The 2020 growing season has been challenging to farmers and consumers alike enduring the corona virus pandemic. Nonetheless, for consumers who obtained a CSA (Community Supported Agriculture) farm share or who shop at farmers markets in the Hudson Valley region of upstate New York, the bountiful local harvest this growing season is a reason to celebrate the hard work of local farmers and growers during a period of wide-spread anxiety.
In particular, this consumer’s farm share from Roxbury Farm in Kinderhook (Columbia County) over the last few weeks has included a generous supply of tomatoes. And a backyard garden where I grow heirloom tomatoes has also been productive. Indeed, it’s been a season to appreciate and enjoy one of nature’s most flavorful and nutrient dense fruits.
Although botanically a fruit, Edible: An Illustrated Guide to the World’s Food Plants (published in 2008 by the National Geographic Society), notes the tomato is used as a vegetable and is a staple of many of the world’s cuisines, and one of the world’s most popular salad vegetables. It’s good to know that people too often wrongly think they should avoid tomatoes and other nightshade vegetables (for example: eggplant, peppers, potatoes) because they may cause inflammation that leads to joint pain.
A recent Food Sense article in Consumer Reports’ On Health newsletter, The Power of Tomatoes, by Lisa Lombardi (8/4/20) points out that it’s just the opposite. There’s no research that shows that nightshades cause inflammation. Rather, the phytochemicals in tomatoes have a powerful anti-inflammatory effect. Furthermore, lycopene, a powerful antioxidant plentiful in just a few foods and which gives tomatoes their rich red color, squelches free radicals which play a role in cancer, heart disease, and other diseases associated with aging.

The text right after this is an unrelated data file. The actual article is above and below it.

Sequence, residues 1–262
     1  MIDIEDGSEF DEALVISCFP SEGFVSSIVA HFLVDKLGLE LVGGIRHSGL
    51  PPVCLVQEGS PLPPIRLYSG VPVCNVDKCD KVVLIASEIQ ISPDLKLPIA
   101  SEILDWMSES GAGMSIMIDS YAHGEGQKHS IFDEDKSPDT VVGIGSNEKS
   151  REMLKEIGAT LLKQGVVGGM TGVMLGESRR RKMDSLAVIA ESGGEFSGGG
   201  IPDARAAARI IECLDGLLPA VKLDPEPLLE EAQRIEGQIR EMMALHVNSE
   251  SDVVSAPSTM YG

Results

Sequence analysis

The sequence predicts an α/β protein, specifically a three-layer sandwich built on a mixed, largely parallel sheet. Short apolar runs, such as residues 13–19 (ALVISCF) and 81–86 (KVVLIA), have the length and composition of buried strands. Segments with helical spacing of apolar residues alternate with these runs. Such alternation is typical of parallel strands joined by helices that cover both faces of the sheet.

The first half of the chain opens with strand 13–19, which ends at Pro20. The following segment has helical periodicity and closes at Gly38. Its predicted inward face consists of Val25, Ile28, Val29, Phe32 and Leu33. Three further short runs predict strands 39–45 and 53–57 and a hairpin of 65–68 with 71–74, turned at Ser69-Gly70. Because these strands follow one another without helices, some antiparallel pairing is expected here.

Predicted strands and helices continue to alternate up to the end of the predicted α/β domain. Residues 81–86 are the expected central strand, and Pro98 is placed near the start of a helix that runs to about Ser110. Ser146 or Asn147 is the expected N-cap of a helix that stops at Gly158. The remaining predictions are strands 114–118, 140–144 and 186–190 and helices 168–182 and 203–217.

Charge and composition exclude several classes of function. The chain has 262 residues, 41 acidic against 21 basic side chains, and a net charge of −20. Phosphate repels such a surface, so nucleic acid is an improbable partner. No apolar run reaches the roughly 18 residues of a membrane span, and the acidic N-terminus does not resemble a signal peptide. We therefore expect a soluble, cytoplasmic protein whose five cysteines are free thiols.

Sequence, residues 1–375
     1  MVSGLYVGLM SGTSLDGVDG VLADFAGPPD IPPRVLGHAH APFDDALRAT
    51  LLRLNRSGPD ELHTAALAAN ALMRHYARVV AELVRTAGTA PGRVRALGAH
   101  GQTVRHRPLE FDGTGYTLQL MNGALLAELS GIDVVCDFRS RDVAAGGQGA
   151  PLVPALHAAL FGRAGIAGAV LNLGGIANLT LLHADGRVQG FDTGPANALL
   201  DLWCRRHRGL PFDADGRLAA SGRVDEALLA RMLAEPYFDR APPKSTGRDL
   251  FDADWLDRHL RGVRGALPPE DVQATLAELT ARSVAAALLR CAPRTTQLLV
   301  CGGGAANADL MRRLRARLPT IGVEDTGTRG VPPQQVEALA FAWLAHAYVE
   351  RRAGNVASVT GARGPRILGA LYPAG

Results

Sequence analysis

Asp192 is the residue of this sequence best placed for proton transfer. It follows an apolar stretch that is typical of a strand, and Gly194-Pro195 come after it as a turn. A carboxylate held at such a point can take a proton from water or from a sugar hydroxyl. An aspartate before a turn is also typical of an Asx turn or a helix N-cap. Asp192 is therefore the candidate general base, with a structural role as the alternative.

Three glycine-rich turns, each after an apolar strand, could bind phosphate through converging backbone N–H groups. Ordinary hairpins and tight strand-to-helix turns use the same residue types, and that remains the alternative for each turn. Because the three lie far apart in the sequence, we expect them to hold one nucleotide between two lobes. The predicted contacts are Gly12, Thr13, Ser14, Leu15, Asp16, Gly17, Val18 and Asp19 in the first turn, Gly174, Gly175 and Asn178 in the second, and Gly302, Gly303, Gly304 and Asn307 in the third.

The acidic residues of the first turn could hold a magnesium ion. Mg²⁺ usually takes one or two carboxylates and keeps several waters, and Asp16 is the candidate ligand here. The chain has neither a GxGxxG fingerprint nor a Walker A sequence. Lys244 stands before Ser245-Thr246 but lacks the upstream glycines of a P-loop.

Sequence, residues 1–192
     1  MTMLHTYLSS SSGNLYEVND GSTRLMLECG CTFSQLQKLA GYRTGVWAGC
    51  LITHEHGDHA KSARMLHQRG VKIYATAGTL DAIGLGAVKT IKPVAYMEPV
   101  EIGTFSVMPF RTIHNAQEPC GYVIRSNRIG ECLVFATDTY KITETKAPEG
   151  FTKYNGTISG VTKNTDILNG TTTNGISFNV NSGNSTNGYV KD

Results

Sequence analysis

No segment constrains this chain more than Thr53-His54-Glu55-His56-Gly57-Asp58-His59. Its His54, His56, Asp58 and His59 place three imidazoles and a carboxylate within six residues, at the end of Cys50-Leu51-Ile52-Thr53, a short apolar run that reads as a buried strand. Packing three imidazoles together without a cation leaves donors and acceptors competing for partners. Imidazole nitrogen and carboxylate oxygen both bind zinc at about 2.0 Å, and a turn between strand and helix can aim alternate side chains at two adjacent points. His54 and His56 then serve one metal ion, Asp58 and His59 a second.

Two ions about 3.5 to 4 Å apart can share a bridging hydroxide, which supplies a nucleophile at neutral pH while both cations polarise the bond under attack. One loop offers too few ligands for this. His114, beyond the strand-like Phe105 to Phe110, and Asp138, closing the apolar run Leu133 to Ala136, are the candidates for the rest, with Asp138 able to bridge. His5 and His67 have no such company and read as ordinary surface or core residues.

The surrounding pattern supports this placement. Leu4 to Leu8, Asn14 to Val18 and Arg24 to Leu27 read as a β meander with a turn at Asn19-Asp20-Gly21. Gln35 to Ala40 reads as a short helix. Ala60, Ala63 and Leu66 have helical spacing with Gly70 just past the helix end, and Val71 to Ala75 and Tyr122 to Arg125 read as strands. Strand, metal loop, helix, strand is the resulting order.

And Consumer Reports recently shared 9 Recipes to Get You Started for an anti-inflammatory diet that includes tomatoes in two of the nine recipes.
Tomatoes were also wrongly regarded with suspicion, according to Edible: An Illustrated Guide to the World’s Food Plants when they were first introduced to Europe from Peru and Ecuador and other parts of tropical America early in the sixteenth century by the Spanish. Part of this early “fear” of tomatoes was due to the fact that they belong to the same family as a number of highly poisonous plants such as the deadly nightshade, black henbane, and tobacco.
Such fear in the 16th century, like the belief in the 21st that tomatoes cause inflammation, has no reasonable basis in fact. The compound called solanine found in nightshade vegetables is extremely low, and only large amounts of this compound can be toxic.
But with tomatoes appearing #9 on The Dirty Dozen, the Environmental Working Group’s ranking of fruits and vegetables to avoid because of pesticide residue levels, a cautious consumer should ask questions when buying tomatoes. It’s important to know how your farmer is growing this delicious “fruit” of nature. And when fresh local tomatoes are not available, this consumer is cautious when purchasing canned ones, and fortunately, the Honest Weight Food Co-op in my hometown of Albany, NY offers canned organic tomatoes.
(Frank W. Barrie, 9/17/20)